Veteran French writer, director, and producer Claude Berri became a global arthouse favorite in the '80s and early '90s with historical epics like Jean De Florette and Germinal, but his work of late has returned to the small-scale, almost provincial comedies and romances that began his career four decades ago. A Housekeeper continues in this vein of micro-drama, telling the story of middle-aged recording engineer Jean-Pierre Bacri and his relationship with attractive live-in maid Émilie Dequenne. Dequenne, who played the title role in Rosetta a few years back, is almost unrecognizable in a role that allows her to smile and flirt. Bacri, balding and fussy, puts a light comic spin on his character, a jazz-loving, recently divorced neurotic sharing a small apartment with a hip-hop fan who favors cleavage-revealing blouses. Bacri is the sort who pre-cleans before his housekeeper comes over and then, without complaint, straightens up the places she missed when she leaves. Dequenne moves in to save on rent, and Bacri squirms at the complicated setup, acknowledging inwardly that he's basically paying a woman to be around him, but unsure whether to treat her as a guest or an employee. Even after they start sleeping together, his sense of propriety remains askew. Part of the problem is that Bacri deals with people and situations as though his ex-wife were still playing a major role in his life, which blocks him from taking Dequenne's affections seriously. The inevitable gap in their mutual commitment gradually ratchets up the tension in A Housekeeper–not to the chilling level of a François Ozon film, but at least to a mildly queasy point. Berri's work never really rises above the gradual or the mild, and it eventually settles gently into one of those elliptical conclusions that mark mainstream French cinema at its most tasteful and staid, but the film's fully realized performances and sharply observed moments make it a pleasure, albeit a minor one. A Housekeeper only seeks to sketch the fine points of a mismatched couple, and its artful composition is virtue enough.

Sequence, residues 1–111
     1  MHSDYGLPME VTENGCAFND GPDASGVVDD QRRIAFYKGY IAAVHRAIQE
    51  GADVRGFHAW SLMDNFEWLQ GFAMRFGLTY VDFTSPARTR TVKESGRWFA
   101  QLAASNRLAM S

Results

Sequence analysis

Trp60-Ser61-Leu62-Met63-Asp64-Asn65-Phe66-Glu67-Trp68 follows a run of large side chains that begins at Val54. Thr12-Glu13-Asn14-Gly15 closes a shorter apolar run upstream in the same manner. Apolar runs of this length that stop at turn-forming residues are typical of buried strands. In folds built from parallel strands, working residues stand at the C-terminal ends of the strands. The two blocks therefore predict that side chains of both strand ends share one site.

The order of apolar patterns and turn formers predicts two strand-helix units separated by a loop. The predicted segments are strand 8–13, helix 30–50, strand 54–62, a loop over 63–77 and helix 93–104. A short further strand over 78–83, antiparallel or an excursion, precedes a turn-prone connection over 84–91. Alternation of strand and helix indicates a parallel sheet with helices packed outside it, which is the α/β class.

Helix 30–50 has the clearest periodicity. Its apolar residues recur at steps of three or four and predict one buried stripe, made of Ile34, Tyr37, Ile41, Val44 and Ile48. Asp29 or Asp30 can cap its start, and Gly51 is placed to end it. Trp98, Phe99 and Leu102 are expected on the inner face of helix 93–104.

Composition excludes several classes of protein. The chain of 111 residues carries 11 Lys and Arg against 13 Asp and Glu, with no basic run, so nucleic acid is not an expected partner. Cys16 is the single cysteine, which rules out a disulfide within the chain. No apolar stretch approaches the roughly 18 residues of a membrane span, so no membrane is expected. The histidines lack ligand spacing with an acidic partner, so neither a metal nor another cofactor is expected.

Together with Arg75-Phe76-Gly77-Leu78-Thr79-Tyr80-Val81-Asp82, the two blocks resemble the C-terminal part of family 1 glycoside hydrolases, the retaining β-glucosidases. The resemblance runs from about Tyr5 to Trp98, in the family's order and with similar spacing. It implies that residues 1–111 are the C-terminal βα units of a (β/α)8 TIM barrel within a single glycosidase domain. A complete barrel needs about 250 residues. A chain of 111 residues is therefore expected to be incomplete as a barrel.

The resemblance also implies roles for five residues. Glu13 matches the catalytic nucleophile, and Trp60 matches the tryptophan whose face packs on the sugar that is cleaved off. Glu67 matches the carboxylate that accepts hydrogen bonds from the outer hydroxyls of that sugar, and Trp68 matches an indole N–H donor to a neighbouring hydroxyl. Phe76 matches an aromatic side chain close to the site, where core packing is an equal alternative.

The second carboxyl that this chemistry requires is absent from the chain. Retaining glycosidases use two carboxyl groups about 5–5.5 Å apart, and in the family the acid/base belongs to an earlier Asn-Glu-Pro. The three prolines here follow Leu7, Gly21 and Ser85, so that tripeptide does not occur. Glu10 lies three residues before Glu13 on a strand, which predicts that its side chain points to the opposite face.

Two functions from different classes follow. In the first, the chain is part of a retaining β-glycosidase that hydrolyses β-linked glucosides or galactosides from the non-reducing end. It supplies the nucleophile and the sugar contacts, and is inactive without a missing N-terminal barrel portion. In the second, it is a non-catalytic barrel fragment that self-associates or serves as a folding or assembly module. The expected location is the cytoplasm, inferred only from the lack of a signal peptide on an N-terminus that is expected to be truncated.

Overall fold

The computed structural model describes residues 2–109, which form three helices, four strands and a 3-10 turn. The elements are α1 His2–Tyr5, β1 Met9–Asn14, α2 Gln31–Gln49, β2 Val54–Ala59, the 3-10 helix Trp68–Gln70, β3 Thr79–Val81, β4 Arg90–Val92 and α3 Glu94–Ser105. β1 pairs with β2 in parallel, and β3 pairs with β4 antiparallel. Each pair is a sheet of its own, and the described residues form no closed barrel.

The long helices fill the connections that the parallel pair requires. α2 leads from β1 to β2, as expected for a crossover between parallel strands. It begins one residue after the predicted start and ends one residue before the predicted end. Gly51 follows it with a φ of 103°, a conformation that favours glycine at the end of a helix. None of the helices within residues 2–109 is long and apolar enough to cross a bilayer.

Advertisement